While headaches, some of which have been considered severe, have been reported in third-party clinical trials of some other anti-FcRn antibodies, no headaches have been noted in any of the subjects receiving IMVT-1401 in the 680 mg multiple-dose cohort. In the 340 mg cohort, two of eight subjects experienced headaches, one mild and one moderate. The moderate headache occurred six days after the final dose of IMVT-1401 was administered.

 

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Dose-dependent and reversible albumin reductions were observed in the single-ascending and multiple-ascending dose cohorts. In the 680 mg multiple-ascending dose cohort, most subjects reached nadir before administration of the final dose. Mean reduction in albumin levels at day 28 were 20% in the 340 mg multiple-dose cohort, and 31% in the 680 mg multiple-dose cohort. For subjects in the 340 mg and 680 mg cohorts, the mean albumin levels at day 28 were 37.5 g/L and 32.4 g/L, respectively (normal range 36-51 g/L). These reductions were not associated with any AEs or clinical symptoms and did not lead to any study discontinuations. The clinical relevance of isolated, mild hypoalbuminemia is unknown, however, a hereditary syndrome associated with deficient albumin production has been described (Congenital Analbumenia). In this syndrome, despite extremely low or absent levels of albumin, those affected have only mild symptoms, including fatigue, low blood pressure and edema. It is believed that compensatory mechanisms through the production of other proteins may allow for relatively normal physiologic function in this population.

Immunogenicity Data

The development of anti-drug antibodies (ADA) to IMVT-1401 was assessed across all dosed cohorts following single (IV and SC formulations) and multiple (SC formulation) administrations of IMVT-1401. Preliminary data show a similar frequency of treatment-emergent ADA development among subjects who received at least one administration of IMVT-1401 or placebo (8% and 6%, respectively). The antibody titers were low (£ 1:16) consistent with the high sensitivity of the ADA assay. No subjects in either the 340 mg or 680 mg multiple ascending dose (MAD) cohorts developed ADAs with treatment. ADAs will continue to be monitored throughout the development program.

Nonclinical Studies of IMVT-1401

Cynomolgus monkeys were selected as the primary species for nonclinical testing, given the high degree of sequence homology to human FcRn and IMVT-1401’s strong binding affinity for monkey FcRn. Our partner, HanAll, completed five nonclinical studies of IMVT-1401 (referred as HL161BKN for the purposes of these studies) in cynomolgus monkeys. We have conducted two additional studies in cynomolgus monkeys. These studies are listed in the table below:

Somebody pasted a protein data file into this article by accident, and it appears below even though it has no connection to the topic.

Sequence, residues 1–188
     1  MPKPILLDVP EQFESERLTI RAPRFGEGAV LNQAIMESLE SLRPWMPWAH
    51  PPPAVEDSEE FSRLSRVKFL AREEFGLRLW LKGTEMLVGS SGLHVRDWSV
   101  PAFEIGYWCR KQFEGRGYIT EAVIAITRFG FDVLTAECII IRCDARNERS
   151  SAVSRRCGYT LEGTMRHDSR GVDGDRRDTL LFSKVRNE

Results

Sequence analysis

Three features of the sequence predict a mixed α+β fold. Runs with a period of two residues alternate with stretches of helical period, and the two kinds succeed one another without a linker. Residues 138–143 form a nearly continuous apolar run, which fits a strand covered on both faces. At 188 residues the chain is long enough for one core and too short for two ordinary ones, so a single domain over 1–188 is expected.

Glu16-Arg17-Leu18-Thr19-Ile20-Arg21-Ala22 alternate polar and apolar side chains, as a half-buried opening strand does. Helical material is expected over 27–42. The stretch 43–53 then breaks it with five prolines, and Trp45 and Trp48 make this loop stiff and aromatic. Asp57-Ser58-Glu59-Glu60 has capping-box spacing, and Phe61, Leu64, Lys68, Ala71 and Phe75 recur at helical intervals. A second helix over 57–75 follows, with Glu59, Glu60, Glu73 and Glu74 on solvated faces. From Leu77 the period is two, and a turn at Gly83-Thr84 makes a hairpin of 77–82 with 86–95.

Name of Study

   Duration      Animals
Tested
    

Route of Administrations
Dose (Frequency)

Evaluation of IgG Catabolism and PK of HL161 Candidates (HL161AN and HL161BKN) in Cynomolgus Monkey (Study TR-127-161)

     4 weeks        N = 20a      IV: 5, 20 mg/kg/dose (Days 0, 7, 14, 21)

Evaluation of IgG Catabolism and PK of HL161AN and HL161BKN Following IV and SC Administration (Study TR-140-161)

     2 weeks        N = 36a      IV: 5, 10 mg/kg/dose; SC: 5, 10 mg/kg/dose (Days 0, 3, 7, 10)

Evaluation of Low-dose PK-PD Cynomolgus Monkey for Selection of Maximum Recommended Start Dose (MRSD) of HL161BKN in Humans (Study TR-166-161)

     2 weeks        N = 12      IV: 0.5, 1.5, 5 mg/kg/dose (Days 0, 3, 7, 10)

HL161BKN 1-Week Repeat-Dose Range-Finding Toxicity, PK, and PD Study in the Cynomolgus Monkey (Study 8348379)

     1 week        N = 16a      SC: 25, 100 mg/kg/dose IV: 100 mg/kg/dose (Days 1, 4, 8)

HL161BKN A Six-Week Subcutaneous and Intravenous Administration Toxicity Study in Cynomolgus Monkeys with a Nine-Week Treatment-Free Period (Study 8348381)

     6 weeks        N = 48a      SC: 25, 50, 100 mg/kg/dose; IV: 25, 100 mg/kg/dose (twice weekly)

 

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Name of Study

   Duration      Animals
Tested
    

Route of Administrations
Dose (Frequency)

12-Week Subcutaneous Injection and Intravenous Infusion Toxicity and Toxicokinetic Study with RVT-1401 in Cynomolgus Monkeys Followed by a 10-Week Recovery Period (Study 8386882)

     12 weeks        N = 60a      SC: 10, 25, 100 mg/kg/dose; IV: 10, 100 mg/kg/dose

26-Week Subcutaneous Injection and Intravenous Infusion Toxicity and Toxicokinetic Study with RVT-1401 in Cynomolgus Monkeys Followed by a 10-Week Recovery Phase (Study 8391434)

     26 weeks        N = 40a      SC: 100 mg/kg/dose (twice weekly); IV: 50, 100 mg/kg/ dose

 

a:

includes vehicle control group animals.

Three pharmacology studies were performed to screen molecules and to define the efficacious dose based on the PK and pharmacodynamics, or PD, profile, and two toxicology studies were performed. In the pharmacology studies, IMVT-1401 demonstrated a consistent PD response of reduced IgG levels that correlated with the PK of IMVT-1401 with observed IgG reductions ranging between approximately 53%, and 78% across all three studies. The following chart sets forth the range of trough IgG levels from percentage of baseline:

 

Pharmacology Studies

  

Trough IgG

% of Baseline

(Mean ± SD)